I was so glad to hear all about the graduating exercises. It was too bad that any had to be away. Mrs Campbell might have postponed such a little things as getting married for a day or too. Or was it a case of strieking the iron while it was hot? Now that is rather mean, I should not have said that. Was your sister down? Emma said in her last letter that she had received an invitation but I have not received a letter from her since the exercises took place. It is time there was a letter as it is a week to night since I have had a letter from my family. It is a satisfaction for Miss Gilbert and Miss Sharkey to have their certificates from the Western Hospital also I am pleased to know that Miss Dodds and Miss Mc Vittie are getting on so nicely. My sister certainly did tell me about being down and of the dark plot hatched to rob a poor helpless nurse who was bleeding for her country at the front. You were all going to help bleed me a little more was that the idea? It was most unexpected I can assure you. I feel like a hypocrite in accepting it. I have written Dr Forester to thank him. Was so very sorry to hear that Harvey and “James” had the whooping cough but was glad to know that Harvey was on the home stretch. I am sure Jim will also soon be there. They certainly have their hands full on Ward II. Things always do seem to come in bunches. If I could spell Minnie Butchart’s married name I would write her a little note. There are some of the girls here who know her and they were quite interested to hear the news. Sisters Best, Carmichael & Martin. Did I tell you that all I saw of Mr Geo Williams on the boat was at church service one day and then not near enough to speak to him. If Miss Hartley had the running of the world in general there would be no need for reformitories or jails. We had our boundries on the boat. I suppose Dr Watt is through now. It certainly would not seem strange to have Dr Watt back again. Miss Peake (patient) for one would be quite delighted to have him back. I don’t know what you mean about the supervision. Probably only those who needed to hear about it were told about it. It is indeed a satisfaction to know I have been placed in the trusted class although very painful to realize that I look like that already so soon. A bright idea has just occurred to me (I still have flashes of intelligence once in a while). They may have found out that I purchased an angora kitten. They may also find out that all signs fail in a [drought?].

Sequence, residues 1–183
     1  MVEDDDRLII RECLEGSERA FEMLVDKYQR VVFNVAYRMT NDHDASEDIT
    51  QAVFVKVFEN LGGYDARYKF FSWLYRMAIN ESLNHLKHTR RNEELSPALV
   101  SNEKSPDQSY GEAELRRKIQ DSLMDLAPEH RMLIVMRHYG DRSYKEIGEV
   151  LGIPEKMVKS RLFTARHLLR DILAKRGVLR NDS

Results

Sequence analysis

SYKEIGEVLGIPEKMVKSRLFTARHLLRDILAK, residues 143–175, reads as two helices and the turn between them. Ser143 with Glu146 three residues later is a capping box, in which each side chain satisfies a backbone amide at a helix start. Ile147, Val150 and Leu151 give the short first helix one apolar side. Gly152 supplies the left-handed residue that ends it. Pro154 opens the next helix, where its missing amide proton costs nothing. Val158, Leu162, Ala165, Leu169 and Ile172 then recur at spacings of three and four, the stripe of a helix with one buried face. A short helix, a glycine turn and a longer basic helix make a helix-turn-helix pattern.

Mrs Clare’s letter which left Toronto May 31st. I received only about ten days ago. I think it has been taking a little side trip. Was so glad to know Dr Cumberland was sea sick in crossing. You see I am not ready to die yet.